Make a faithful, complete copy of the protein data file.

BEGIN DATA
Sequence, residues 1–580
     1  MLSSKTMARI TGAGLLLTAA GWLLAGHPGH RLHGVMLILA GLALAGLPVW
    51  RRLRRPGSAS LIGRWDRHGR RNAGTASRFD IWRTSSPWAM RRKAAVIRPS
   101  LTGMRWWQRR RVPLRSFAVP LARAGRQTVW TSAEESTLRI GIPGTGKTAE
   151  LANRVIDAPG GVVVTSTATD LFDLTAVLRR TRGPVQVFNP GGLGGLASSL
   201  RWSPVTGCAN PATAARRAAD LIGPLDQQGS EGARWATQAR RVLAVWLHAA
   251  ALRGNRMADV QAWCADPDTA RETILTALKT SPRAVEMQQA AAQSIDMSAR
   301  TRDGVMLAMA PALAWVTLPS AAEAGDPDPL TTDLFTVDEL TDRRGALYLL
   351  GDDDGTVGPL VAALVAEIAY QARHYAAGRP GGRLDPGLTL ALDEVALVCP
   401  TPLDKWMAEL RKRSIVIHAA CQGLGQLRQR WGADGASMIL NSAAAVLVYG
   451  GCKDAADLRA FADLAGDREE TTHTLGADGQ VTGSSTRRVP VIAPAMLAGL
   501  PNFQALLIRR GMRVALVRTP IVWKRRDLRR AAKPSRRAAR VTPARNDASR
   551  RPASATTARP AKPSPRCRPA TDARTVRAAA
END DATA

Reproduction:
Sequence, residues 1–580
     1  MLSSKTMARI TGAGLLLTAA GWLLAGHPGH RLHGVMLILA GLALAGLPVW
    51  RRLRRPGSAS LIGRWDRHGR RNAGTASRFD IWRTSSPWAM RRKAAVIRPS
   101  LTGMRWWQRR RVPLRSFAVP LARAGRQTVW TSAEESTLRI GIPGTGKTAE
   151  LANRVIDAPG GVVVTSTATD LFDLTAVLRR TRGPVQVFNP GGLGGLASSL
   201  RWSPVTGCAN PATAARRAAD LIGPLDQQGS EGARWATQAR RVLAVWLHAA
   251  ALRGNRMADV QAWCADPDTA RETILTALKT SPRAVEMQQA AAQSIDMSAR
   301  TRDGVMLAMA PALAWVTLPS AAEAGDPDPL TTDLFTVDEL TDRRGALYLL
   351  GDDDGTVGPL VAALVAEIAY QARHYAAGRP GGRLDPGLTL ALDEVALVCP
   401  TPLDKWMAEL RKRSIVIHAA CQGLGQLRQR WGADGASMIL NSAAAVLVYG
   451  GCKDAADLRA FADLAGDREE TTHTLGADGQ VTGSSTRRVP VIAPAMLAGL
   501  PNFQALLIRR GMRVALVRTP IVWKRRDLRR AAKPSRRAAR VTPARNDASR
   551  RPASATTARP AKPSPRCRPA TDARTVRAAA